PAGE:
Also in April, OTI began preparing for the upcoming Loya Jirga by exploring ways in which USAID could have an immediate impact. With funds transferred from the USAID Central Asia Task Force, OTI supported a consultant to work with the UN on Loya Jirga operations. Finally, OTI continued to provide small grants to increase the interim Afghan government's capacity to address immediate reconstruction and stabilization needs.

OTI signed the following 21 small grants during the current reporting period:

Relief International Rehabilitation of Dost Mohammed Elementary School in Kabul 1,000 girls and boys
Mariam Lyceum School Rehabilitation of Mariam Lyceum School in Kabul 7,200 boys and girls
Tarakheyl School Rehabilitation of Tarakheyl School in Kabul 500 girls, 110 villagers working on project
Ministry of Foreign Affairs Equipment capacity support for the Ministry 220 ministry employees
Radio Afghanistan Purchase and installation of satellite communications equipment (V-SAT), through Lyman Brothers The AIA, Loya Jirga, and people of Afghanistan
Radio Afghanistan Purchase of satellite time for short-wave transmission of radio signal, through Merlin UK The AIA, Loya Jirga, and people of Afghanistan
Ministry of Education Rehabilitation of Dowlat-Abad Primary School in Mazar 170 boys and girls
Ministry of Education and Min. of Planning Rehabilitation of Agriculture Vocational Institute in Mazar 300 students
Ministry of Education Construction of 10 new classrooms in Hashin Barat School, Mazar 3104 female students, 90 teachers
Loya Jirga Commission Media Production Assistance for the Loya Jirga Radio spots produced will be broadcast nationwide
Ariana Rehabilitation of the Ariana School for women and girls in Logar 200 girls and women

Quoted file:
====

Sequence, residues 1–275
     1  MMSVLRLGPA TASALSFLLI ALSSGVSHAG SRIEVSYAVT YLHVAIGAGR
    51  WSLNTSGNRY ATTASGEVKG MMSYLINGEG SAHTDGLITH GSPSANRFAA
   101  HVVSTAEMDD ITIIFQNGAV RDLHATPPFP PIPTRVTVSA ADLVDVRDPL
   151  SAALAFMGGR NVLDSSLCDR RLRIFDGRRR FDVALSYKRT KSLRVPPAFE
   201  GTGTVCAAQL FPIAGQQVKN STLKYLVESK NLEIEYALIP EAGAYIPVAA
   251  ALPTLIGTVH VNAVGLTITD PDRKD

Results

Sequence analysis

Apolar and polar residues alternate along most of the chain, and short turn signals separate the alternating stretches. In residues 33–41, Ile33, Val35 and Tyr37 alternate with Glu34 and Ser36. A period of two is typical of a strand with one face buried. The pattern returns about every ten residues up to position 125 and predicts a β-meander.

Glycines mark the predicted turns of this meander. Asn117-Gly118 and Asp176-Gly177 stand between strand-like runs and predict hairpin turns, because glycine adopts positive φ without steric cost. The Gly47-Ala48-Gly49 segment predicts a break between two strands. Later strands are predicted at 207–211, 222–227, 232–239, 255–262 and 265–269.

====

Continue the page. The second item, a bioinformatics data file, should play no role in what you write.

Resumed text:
Ministry of Ag. and Livestock Rehabilitation of Kindergarten to enable women to return to work in the Ministry of Ag. and Livestock 200 children, and their mothers
Ministry of Ag. and Livestock Water supply for the Ministry of Ag. and Livestock The Ministry and public
Ministry of Ag. and Livestock Electrical Supply for the Ministry of Ag. and Livestock The Ministry and public
Ministry of Ag. and Livestock Telephone connection for the Ministry of Ag. and Livestock The Ministry and public
Ministry of Education Donation of Student's Desks and Chairs for schools, Herat 9,000 male and female students
Wazir Fatikhan High School Rehabilitation of Wazir Fatikhan High School, Herat 1,400 male students, and 600 female students
Hazerat Omar Faruq High School Construction of Hazerat Omar Faruq High School Extension, Herat 3,500 students
Sultan High School Construction of Sultan High School, Herat 5,000 students
Jami High School Construction of Jami High School Extension, Herat 2,958 students
University of Kabul In-Kind donation of Student's desks to Engineering Faculty 500 students

B. Grants Activity Summary

Program Category
Good Governance
Civil Society
Community Infrastructure

C. Indicators of Success

This month, OTI funded a number of visible, high impact projects that had been identified as priorities by the interim government, local communities within Kabul, and in three other major urban centers (Herat, Khandahar and Mazar-e-Sharif).

OTI worked closely with the U.S. Embassy Public Affairs Officer to draft press releases for new projects and with the U.S. Ambassador to attend a public signing ceremony for grants to the Ministry of Agriculture. By publicly announcing activities, a larger number of Afghans were made aware of both the work of the U.S. Government and Karzai's Afghanistan Interim Administration. OTI established greater credibility for the U.S. Government's work in Mazar and Herat by beginning school reconstruction projects there. A survey of over 700 Afghans in January indicated that besides security concerns, most surveyed viewed education as one of their priorities. The rehabilitation of schools and other priority infrastructure projects shows an immediate peace dividend to Afghans.


During the month of May, OTI will:

  • focus on providing media support to the Loya Jirga;

  • hire a local program officer (through the SWIFT contract);

  • ensure that new projects that support the new government (AIA) in Kabul are made public;

  • monitor the results of the first Internews journalist training in Kabul.
For more information, please contact:

In Washington, contact Chris O'Donnell at 202-712-0174, or Karma Lively at 202-712-5755 or

In Afghanistan, contact Miguel Reabold,